In re TANNING BED, INC., Debtor.
Case No. 14-12790 K.
United States Bankruptcy Court, W.D. New York.
March 26, 2015.
NOT FOR PUBLICATION
OPINION AND ORDER
MICHAEL J. KAPLAN, Bankruptcy Judge.
Counsel invite the Court to answer this question: Does a 90-day “no-fault, early-termination clause” in a commercial real estate lease “trump” the 120 days that 11 U.S.C. §365(d)(4) gives to a Chapter 11 D-I-P before it has to decide whether to assume or reject the lease? They agree that if it does, then this landlord’s motion under 11 U.S.C. § 362(d) seeking permission to give the 90-day notice to the Debtor should be granted. If not, then the Debtor (which operates a chain of tanning salons, and states that the location in question is very profitable) will enjoy both the 120 days provided by statute and the 90 day termination notice to continue making more money at that location.
The Court declines the invitation, and grants the landlord’s § 362 Motion for the following reasons.
First, to the extent that the parties seem to agree that §362 is substantively important, the Court rejects that formulation. The landlord has not threatened to violate §362 and has not violated it. The Debtor’s argument that termination “contradicts the very nature of § 362, which seeks to preserve assets . . .” is not the issue. That would be the issue only if the landlord were to argue that its ability to serve the 90-day notice is not within the scope of the § 362 stay. It does not make that argument, and in fact has sought relief from the automatic stay.
That request will be granted because (1) the 120 days is almost past, (2) the Debtor has no available “choices,” and (3) the insertion of the 90-day termination clause in the Third Amendment to the original 1997 Lease seems to have turned what was stated to be a 2-year extension of the lease into 2-year’s worth of 90-day leases, renewed every day that neither side serves a termination notice.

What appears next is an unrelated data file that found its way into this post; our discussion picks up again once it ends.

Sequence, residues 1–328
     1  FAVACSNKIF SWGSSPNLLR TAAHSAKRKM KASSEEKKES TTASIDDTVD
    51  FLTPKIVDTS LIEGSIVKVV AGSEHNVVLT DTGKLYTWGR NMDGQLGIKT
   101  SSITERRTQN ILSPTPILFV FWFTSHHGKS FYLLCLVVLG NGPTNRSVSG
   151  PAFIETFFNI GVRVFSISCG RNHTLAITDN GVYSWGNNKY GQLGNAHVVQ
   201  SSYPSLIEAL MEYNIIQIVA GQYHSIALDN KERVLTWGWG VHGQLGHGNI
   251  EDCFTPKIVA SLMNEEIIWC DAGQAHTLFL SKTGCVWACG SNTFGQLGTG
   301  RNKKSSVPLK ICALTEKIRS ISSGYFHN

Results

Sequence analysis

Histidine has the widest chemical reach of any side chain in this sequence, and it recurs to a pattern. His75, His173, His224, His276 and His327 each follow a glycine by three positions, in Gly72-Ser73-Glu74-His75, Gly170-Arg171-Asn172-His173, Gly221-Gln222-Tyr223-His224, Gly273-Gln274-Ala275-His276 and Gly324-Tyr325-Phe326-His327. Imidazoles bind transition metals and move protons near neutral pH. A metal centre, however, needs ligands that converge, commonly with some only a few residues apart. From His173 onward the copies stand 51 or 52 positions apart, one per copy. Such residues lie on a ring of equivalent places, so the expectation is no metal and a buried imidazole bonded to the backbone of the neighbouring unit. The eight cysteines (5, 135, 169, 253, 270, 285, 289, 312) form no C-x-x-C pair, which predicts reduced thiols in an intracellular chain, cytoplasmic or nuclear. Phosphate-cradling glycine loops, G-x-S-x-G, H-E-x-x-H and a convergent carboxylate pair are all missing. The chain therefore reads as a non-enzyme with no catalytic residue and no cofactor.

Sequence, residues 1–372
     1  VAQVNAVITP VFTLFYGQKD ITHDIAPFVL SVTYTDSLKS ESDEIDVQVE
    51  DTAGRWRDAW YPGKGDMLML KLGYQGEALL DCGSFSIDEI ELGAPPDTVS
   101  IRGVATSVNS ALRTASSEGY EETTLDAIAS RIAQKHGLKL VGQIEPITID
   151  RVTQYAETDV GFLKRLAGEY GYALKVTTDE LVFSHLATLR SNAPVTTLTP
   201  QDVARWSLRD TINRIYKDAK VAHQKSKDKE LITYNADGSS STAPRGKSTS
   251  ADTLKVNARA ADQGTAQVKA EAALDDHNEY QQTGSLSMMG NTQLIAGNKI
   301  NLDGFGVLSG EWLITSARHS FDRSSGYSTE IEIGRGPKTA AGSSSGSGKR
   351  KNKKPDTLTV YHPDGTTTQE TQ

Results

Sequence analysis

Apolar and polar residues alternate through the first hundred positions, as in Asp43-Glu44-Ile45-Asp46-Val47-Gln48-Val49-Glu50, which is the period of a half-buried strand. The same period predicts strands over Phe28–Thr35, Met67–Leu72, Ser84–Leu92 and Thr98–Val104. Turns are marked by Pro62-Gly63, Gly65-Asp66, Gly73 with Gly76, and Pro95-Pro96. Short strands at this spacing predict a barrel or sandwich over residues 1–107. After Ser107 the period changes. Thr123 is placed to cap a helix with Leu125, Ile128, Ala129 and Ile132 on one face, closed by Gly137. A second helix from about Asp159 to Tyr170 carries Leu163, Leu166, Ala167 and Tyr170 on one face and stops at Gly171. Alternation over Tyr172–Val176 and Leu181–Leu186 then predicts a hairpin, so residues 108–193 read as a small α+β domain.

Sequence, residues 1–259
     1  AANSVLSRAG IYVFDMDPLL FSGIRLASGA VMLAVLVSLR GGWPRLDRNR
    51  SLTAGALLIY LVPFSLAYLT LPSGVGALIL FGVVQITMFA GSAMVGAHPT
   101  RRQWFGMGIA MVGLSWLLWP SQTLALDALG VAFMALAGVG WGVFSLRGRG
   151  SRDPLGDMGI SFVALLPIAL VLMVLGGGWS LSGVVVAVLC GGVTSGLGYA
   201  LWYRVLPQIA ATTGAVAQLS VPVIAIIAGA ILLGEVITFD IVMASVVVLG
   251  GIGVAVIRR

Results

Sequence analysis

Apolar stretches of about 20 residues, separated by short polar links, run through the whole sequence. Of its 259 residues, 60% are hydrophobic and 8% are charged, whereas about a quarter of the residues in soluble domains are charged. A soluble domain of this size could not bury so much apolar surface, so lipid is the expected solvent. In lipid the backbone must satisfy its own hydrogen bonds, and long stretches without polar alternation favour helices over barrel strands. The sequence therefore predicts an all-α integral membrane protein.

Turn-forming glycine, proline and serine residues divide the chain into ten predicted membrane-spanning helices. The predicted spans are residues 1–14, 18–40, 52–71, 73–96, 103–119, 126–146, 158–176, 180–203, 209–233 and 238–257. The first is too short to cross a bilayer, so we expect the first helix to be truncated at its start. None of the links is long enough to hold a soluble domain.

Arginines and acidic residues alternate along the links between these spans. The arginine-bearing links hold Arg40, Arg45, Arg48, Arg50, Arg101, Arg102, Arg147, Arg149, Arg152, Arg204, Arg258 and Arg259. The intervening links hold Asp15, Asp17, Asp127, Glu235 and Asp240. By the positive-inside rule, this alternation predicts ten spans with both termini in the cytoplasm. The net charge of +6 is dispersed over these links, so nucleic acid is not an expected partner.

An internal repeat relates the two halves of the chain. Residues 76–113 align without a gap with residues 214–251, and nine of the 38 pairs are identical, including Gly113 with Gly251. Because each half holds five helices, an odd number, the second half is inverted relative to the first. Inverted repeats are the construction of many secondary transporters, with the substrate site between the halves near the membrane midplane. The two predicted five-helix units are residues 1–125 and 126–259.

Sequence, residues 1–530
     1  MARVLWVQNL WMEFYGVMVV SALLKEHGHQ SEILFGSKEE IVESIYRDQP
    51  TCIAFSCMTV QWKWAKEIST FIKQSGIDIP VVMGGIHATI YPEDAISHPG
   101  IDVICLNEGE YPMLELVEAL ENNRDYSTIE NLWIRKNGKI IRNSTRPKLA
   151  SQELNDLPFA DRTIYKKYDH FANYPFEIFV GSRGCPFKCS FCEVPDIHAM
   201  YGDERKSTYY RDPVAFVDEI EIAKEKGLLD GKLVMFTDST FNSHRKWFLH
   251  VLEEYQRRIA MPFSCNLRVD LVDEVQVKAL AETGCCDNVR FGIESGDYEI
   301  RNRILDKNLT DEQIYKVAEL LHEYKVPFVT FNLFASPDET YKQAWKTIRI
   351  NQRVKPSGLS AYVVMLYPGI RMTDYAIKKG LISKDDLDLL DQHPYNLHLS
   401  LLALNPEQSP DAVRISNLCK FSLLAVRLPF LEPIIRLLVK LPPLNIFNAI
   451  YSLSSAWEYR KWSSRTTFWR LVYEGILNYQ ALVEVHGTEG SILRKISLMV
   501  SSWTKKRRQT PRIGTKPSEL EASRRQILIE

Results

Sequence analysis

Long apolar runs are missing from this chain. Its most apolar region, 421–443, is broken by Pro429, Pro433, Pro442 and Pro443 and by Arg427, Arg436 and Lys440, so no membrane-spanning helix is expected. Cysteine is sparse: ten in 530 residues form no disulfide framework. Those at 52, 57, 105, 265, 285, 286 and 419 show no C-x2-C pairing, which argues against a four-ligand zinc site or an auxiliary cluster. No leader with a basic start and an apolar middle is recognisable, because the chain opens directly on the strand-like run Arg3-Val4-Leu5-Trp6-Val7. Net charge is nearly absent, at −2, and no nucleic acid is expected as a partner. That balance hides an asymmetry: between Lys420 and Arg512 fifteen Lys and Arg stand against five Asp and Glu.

As to “(1)” above, the case was filed on December 11, 2014 and the landlord’s § 362 Motion was not filed until February 9, 2015. The 120-day period was half-gone. Morever, the landlord chose March 4, as the “return date” for the Motion, thus letting another month go by. On March 4, counsel agreed to submit briefs. Those were filed, and at the continued hearing on March 11 the Court took the matter under submission. It is now March 26. The 120 days will have run on or about April 11 and the issue will be mooted because either the Debtor will scramble to assume the lease so as to buy 90 more days, or § 365(d)(4)(A) will “kick-in” and require “immediate surrender” of the premises.
Second, the purposes and policy behind the 120-day “grace” provided by the statute are not applicable in this case. This Debtor did not need time to decide, for the benefit of creditors, whether to assume, assume and assign, or reject the Lease. (A) It would not “reject” unless it decided to close, turn over the keys, and treat 90 days of future rent as “damages” that would become a pre-petition claim under 11 U.S.C. § 365(g)(1) rather than an administrative claim. That scenario does not apply because the Debtor has stated its intent to operate at that location as long as it can. (B) It cannot “assume and assign” because no entity would buy a 90-day leasehold from this § 541 estate. It would go directly to the landlord and say “Here’s why you want us as a tenant. Go get permission from the court to serve the 90-day notice of termination.” (C) It can only “assume” on Day 120 (if the Court approves such assumption)  and thereby buy 90 days more of operation.
Finally from 1997 to 2014 there was no unilateral no-fault termination clause in the Lease or its amendments. To the contrary, the original Lease defined the tenant’s filing of a petition for relief under the Code as a “default,” and expressly recognized what was a 60-day limit, at that time, to “assume or reject.” The point is that the 2014 Amendment to the Lease rendered the Lease internally inconsistent in at least two ways, so far as the “new” 90-day termination option is concerned. The “new” provision ignored the original 1997 provision that was specific as to a Chapter 11 (or other) filing. And that 2014 Amendment specifically purported to be a two-year extension that “ratified and confirmed” the “Existing Lease.”
In sum, the facts and circumstances of this case require that the Court promptly enter its well-considered view without the delays that naturally attend a choice to write a decision for publication.
The Rule 4001(a)(3) stay is waived. The landlord may now serve the 90-day notice.
 The “fact” (if true) that that location is profitable does not mean that the entire § 541 estate would benefit from “assumption.”
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